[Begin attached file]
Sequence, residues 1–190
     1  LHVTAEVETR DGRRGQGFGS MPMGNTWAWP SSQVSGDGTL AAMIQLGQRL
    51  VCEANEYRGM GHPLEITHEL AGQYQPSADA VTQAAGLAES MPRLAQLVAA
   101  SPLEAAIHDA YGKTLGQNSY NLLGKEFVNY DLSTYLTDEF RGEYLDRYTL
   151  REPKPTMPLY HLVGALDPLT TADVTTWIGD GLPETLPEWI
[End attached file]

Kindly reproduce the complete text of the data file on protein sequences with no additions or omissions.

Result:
Sequence, residues 1–190
     1  LHVTAEVETR DGRRGQGFGS MPMGNTWAWP SSQVSGDGTL AAMIQLGQRL
    51  VCEANEYRGM GHPLEITHEL AGQYQPSADA VTQAAGLAES MPRLAQLVAA
   101  SPLEAAIHDA YGKTLGQNSY NLLGKEFVNY DLSTYLTDEF RGEYLDRYTL
   151  REPKPTMPLY HLVGALDPLT TADVTTWIGD GLPETLPEWI